There are a couple of articles in the September issue of The Progressive magazine that I think are interesting to juxtapose. One is by John de Graf and it is about how working more doesn't necessarily translate—and in fact often does not translate—into happiness. The author advocates for people to reduce the amount of hours they work, so that they have more free time to pursue other activities, and also calls for employers to reduce employee hours, rather than terminate employees. There is a stub article posted on the website here.
In another article, Ruth Conliff writes about a new book by Richard Wilkinson and Kate Pickett titled The Spirit Level: Why Greater Equality Makes Societies Stronger. The book talks about inequality, for example how some CEOs pay is 400 times more than what the average employee is paid in the same company, and suggests that this inequality is a root cause of disease in individuals and in society. This article is not posted to the website (unless you subscribe,) so if you're not a subscriber, I recommend checking this one out at the library.
Here's a couple excerpts:
Living in a society with massive income inequality makes people anxious, depressed, even physically sick, according to British health researchers Richard Wilkinson and Kate Pickett.
Brain research shows that cooperation and friendship stimulate the reward centers in the brain, while the experience of social exclusion involves the same areas of the brain as physical pain.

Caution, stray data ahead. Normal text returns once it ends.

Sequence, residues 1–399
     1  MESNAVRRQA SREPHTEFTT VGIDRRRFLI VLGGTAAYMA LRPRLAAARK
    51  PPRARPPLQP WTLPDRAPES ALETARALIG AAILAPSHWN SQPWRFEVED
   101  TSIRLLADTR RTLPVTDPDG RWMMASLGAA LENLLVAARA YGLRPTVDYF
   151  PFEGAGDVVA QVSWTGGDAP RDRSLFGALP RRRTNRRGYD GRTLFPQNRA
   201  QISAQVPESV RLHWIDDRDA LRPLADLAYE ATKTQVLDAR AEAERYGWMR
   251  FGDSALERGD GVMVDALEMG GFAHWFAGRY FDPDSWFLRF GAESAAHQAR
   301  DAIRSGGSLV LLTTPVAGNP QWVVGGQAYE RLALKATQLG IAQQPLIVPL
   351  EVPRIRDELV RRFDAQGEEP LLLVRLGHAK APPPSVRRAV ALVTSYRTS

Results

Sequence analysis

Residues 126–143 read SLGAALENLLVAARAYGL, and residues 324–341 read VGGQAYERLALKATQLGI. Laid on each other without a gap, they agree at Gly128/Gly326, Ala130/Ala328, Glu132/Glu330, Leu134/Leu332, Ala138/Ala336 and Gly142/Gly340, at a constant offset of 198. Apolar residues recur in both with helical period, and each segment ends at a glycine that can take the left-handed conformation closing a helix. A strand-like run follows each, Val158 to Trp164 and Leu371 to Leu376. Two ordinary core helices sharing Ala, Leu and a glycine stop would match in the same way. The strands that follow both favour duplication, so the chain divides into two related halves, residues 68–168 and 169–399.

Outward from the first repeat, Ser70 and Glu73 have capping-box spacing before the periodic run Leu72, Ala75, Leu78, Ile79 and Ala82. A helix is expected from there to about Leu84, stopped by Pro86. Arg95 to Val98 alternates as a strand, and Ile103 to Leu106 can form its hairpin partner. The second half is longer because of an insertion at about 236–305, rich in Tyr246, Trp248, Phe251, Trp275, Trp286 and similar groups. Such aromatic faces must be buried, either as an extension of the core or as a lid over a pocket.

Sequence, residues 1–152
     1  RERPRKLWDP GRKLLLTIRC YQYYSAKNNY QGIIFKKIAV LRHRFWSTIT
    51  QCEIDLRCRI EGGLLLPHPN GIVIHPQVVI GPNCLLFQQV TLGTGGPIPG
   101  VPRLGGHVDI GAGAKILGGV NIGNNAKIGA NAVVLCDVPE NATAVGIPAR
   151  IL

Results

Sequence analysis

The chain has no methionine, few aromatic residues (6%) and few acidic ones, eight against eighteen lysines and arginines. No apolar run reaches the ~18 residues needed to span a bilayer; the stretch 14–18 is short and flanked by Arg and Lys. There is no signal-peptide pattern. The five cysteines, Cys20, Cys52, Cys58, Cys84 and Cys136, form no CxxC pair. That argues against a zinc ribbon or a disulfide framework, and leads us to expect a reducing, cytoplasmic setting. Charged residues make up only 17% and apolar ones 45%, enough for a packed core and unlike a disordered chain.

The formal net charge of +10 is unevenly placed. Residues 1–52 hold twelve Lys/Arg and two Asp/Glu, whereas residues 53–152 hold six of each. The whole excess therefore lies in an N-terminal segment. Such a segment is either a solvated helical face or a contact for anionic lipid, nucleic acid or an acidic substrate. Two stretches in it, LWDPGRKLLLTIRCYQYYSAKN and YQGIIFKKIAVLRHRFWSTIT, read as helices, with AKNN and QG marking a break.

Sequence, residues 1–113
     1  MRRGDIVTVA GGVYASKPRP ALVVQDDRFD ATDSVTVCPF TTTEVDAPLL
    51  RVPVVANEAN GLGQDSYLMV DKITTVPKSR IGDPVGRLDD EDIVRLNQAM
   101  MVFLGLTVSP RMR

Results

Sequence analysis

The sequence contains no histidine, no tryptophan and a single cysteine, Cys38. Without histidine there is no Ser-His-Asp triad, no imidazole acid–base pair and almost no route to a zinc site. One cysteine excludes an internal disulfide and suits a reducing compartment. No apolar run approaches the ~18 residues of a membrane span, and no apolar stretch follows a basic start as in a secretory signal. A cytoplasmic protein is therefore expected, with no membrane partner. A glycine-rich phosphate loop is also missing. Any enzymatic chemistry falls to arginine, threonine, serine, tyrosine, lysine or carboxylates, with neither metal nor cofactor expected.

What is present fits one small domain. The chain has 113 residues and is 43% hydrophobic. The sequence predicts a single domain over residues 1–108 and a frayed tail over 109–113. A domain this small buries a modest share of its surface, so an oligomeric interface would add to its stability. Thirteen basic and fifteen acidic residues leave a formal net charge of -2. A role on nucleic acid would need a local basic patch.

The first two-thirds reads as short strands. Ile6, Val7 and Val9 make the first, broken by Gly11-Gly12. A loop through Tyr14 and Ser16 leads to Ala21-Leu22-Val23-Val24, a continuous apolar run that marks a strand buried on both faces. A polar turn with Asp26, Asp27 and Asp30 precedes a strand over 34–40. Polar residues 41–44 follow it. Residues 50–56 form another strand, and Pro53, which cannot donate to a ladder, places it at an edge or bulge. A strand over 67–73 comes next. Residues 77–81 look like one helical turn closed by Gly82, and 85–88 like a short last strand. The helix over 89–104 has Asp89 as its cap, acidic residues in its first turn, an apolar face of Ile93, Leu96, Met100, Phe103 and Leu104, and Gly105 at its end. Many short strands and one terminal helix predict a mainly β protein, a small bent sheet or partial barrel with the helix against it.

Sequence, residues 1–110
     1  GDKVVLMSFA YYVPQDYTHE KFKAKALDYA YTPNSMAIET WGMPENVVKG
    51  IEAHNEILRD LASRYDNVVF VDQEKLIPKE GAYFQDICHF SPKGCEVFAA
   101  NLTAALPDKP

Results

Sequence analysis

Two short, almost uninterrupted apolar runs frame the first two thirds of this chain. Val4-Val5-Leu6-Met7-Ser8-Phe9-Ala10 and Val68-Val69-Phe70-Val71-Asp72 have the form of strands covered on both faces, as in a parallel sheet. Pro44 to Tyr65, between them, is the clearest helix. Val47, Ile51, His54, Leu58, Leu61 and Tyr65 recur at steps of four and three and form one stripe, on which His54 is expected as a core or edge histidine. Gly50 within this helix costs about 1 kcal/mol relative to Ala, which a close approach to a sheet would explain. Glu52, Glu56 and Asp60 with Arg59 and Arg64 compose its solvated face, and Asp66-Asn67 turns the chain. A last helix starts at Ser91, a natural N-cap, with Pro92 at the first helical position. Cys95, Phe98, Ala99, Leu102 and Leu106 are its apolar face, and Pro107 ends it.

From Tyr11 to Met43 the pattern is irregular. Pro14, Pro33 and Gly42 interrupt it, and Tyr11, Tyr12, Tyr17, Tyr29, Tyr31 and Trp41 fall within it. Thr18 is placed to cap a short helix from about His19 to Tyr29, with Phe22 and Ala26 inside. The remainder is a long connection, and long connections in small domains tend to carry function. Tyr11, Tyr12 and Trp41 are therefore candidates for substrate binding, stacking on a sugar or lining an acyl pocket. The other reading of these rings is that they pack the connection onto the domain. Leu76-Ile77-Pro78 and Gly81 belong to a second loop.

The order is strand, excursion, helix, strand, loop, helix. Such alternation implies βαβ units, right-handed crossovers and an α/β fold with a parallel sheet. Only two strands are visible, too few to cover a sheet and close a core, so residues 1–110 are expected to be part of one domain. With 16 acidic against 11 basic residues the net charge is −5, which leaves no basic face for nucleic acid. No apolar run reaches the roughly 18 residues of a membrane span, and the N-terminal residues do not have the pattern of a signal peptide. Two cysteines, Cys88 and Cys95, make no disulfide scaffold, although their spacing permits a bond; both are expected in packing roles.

There are other interesting articles, including one by Jim Hightower about the "jobless recovery." I mean really, how does that make sense! It seems to me that the idea that the economy is recovering is a myth.
I received this great slideshow today from my Mom. Thanks Mom! Check it out:
I am always astounded to learn about the massive disparity in wealth between people. Astounding!
According to the information on these cards, the top 20% of people with the most income account for 82% of global income. The bottom 20% of people - those with the least income, account for less than 2% of global income. I can only imagine that the disparity is even more severe when considering over-all wealth (separate from yearly income.)
I believe that much of this inequality is related to, and depends on, destructive competition over resources (including but not limited to war itself), and results in disease, poverty, domestic violence, and a multitude of other social ills and environmental degradations.